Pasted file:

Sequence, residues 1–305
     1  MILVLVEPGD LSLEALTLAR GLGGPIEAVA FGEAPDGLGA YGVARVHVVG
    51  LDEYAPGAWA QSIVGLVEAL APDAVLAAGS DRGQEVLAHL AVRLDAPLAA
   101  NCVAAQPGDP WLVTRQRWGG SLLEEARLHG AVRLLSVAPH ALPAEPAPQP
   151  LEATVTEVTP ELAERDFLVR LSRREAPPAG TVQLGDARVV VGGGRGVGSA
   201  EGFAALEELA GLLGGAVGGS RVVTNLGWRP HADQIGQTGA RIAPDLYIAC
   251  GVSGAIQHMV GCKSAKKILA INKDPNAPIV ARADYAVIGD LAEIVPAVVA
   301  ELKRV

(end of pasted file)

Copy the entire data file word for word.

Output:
Sequence, residues 1–305
     1  MILVLVEPGD LSLEALTLAR GLGGPIEAVA FGEAPDGLGA YGVARVHVVG
    51  LDEYAPGAWA QSIVGLVEAL APDAVLAAGS DRGQEVLAHL AVRLDAPLAA
   101  NCVAAQPGDP WLVTRQRWGG SLLEEARLHG AVRLLSVAPH ALPAEPAPQP
   151  LEATVTEVTP ELAERDFLVR LSRREAPPAG TVQLGDARVV VGGGRGVGSA
   201  EGFAALEELA GLLGGAVGGS RVVTNLGWRP HADQIGQTGA RIAPDLYIAC
   251  GVSGAIQHMV GCKSAKKILA INKDPNAPIV ARADYAVIGD LAEIVPAVVA
   301  ELKRV